Pilocarpine may interact with other medications, reducing or increasing their effects or, sometimes, increasing the side effects of the other medications. Pilocarpine may also be less effective as a result of interaction with other medications. The following drugs may cause interactions:
- beta-adrenergic blocking agents
- glaucoma medications
Pilocarpine may also interact with alcohol, cocaine, and marijuana .
Racquel Baert, M.Sc.
—Secretes outward by way of a duct.
"Pilocarpine." Gale Encyclopedia of Cancer. . Encyclopedia.com. (July 25, 2017). http://www.encyclopedia.com/medicine/encyclopedias-almanacs-transcripts-and-maps/pilocarpine
"Pilocarpine." Gale Encyclopedia of Cancer. . Retrieved July 25, 2017 from Encyclopedia.com: http://www.encyclopedia.com/medicine/encyclopedias-almanacs-transcripts-and-maps/pilocarpine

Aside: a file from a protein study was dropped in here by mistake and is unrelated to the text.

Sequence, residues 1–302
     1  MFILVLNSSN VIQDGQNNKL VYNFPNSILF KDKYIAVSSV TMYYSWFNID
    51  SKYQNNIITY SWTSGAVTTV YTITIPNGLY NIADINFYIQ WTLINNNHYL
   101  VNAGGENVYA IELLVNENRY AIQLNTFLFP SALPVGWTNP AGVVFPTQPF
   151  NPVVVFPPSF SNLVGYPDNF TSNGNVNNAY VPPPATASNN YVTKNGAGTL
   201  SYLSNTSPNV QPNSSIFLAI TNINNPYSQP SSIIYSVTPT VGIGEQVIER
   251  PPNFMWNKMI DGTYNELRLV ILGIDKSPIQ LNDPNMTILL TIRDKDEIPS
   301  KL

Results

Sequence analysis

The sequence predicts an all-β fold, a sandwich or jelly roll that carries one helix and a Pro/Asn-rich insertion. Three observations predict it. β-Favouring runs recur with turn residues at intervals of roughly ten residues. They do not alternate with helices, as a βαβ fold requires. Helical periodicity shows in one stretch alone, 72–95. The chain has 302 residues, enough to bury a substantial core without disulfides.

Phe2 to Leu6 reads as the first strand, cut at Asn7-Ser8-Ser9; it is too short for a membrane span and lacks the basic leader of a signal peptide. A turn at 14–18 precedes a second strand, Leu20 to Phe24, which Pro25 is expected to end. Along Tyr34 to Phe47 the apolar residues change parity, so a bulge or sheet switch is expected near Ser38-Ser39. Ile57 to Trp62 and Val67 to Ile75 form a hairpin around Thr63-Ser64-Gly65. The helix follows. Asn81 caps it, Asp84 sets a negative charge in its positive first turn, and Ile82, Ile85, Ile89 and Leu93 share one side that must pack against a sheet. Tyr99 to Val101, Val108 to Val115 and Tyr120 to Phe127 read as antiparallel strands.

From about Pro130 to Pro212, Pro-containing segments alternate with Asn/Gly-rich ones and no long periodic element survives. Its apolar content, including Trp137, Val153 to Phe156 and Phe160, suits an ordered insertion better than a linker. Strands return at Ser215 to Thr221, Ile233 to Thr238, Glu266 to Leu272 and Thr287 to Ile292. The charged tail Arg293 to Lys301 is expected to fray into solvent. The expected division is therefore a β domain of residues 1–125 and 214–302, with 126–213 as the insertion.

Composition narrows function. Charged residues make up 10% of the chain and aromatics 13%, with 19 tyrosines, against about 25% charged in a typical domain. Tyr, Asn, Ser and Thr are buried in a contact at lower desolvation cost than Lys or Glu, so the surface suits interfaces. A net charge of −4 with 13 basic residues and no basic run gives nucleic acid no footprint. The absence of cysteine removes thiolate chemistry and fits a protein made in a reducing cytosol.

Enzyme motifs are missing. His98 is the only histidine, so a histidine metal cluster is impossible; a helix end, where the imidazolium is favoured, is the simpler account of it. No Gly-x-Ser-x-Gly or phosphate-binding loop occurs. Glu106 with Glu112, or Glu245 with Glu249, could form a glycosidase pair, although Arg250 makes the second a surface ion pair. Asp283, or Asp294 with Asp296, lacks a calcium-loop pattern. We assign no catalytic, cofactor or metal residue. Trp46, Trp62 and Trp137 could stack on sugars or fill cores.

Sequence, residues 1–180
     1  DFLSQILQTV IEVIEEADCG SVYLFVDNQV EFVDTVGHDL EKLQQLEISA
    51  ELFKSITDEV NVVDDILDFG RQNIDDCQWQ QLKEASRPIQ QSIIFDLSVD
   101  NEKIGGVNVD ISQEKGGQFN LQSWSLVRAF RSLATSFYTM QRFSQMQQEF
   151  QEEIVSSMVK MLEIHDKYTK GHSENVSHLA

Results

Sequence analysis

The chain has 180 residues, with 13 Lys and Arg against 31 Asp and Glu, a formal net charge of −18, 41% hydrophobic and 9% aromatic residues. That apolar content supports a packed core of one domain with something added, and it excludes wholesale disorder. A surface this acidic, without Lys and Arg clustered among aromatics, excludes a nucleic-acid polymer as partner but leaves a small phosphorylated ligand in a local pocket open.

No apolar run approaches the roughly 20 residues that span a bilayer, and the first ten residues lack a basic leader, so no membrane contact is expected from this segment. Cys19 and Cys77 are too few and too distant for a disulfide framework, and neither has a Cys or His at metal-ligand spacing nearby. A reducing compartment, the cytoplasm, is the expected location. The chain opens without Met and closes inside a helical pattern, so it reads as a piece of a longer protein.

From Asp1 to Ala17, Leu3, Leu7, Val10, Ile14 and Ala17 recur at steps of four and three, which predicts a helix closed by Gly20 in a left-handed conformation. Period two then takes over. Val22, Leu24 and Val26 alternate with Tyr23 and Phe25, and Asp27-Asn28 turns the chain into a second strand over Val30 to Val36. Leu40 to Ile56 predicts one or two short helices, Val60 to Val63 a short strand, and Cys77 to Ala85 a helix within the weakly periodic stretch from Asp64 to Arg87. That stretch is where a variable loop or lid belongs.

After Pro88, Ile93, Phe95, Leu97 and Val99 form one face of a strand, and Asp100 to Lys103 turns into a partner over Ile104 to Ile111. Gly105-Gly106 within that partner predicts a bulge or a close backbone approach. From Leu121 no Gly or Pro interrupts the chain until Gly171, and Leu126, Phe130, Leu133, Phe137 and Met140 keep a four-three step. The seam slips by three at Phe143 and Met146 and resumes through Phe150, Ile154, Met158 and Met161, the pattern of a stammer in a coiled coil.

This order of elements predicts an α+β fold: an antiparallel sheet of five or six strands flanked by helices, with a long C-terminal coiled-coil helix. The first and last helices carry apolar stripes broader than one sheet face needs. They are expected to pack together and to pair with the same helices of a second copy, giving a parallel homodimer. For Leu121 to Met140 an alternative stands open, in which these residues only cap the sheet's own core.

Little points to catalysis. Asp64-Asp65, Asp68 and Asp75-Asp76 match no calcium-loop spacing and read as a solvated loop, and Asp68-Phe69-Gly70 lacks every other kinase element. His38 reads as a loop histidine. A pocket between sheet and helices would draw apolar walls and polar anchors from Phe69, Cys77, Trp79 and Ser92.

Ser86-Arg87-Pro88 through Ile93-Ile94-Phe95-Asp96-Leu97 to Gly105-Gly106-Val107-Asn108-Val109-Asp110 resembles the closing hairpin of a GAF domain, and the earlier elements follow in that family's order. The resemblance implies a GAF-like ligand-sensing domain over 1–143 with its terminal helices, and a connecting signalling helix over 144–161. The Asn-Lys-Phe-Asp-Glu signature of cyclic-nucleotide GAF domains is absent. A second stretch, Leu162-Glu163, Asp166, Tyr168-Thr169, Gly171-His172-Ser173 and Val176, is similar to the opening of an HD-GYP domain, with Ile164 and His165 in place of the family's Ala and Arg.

pilocarpine (pīlōkär´pēn), naturally occurring alkaloid obtained from plants of the genus Pilocarpus (family Rutaceae). By mimicking the effects of acetylcholine, pilocarpine acts as a stimulant of the parasympathetic nervous system. It promotes the flow of saliva and urine and increases perspiration. Because it increases the outflow of fluid from the eye, reduces the pressure within the eye, and causes the pupil to contract, the drug is used to treat some types of glaucoma. It is also used for some tongue disorders.
"pilocarpine." The Columbia Encyclopedia, 6th ed.. . Encyclopedia.com. (July 25, 2017). http://www.encyclopedia.com/reference/encyclopedias-almanacs-transcripts-and-maps/pilocarpine
"pilocarpine." The Columbia Encyclopedia, 6th ed.. . Retrieved July 25, 2017 from Encyclopedia.com: http://www.encyclopedia.com/reference/encyclopedias-almanacs-transcripts-and-maps/pilocarpine
"pilocarpine." A Dictionary of Nursing. . Encyclopedia.com. (July 25, 2017). http://www.encyclopedia.com/caregiving/dictionaries-thesauruses-pictures-and-press-releases/pilocarpine
"pilocarpine." A Dictionary of Nursing. . Retrieved July 25, 2017 from Encyclopedia.com: http://www.encyclopedia.com/caregiving/dictionaries-thesauruses-pictures-and-press-releases/pilocarpine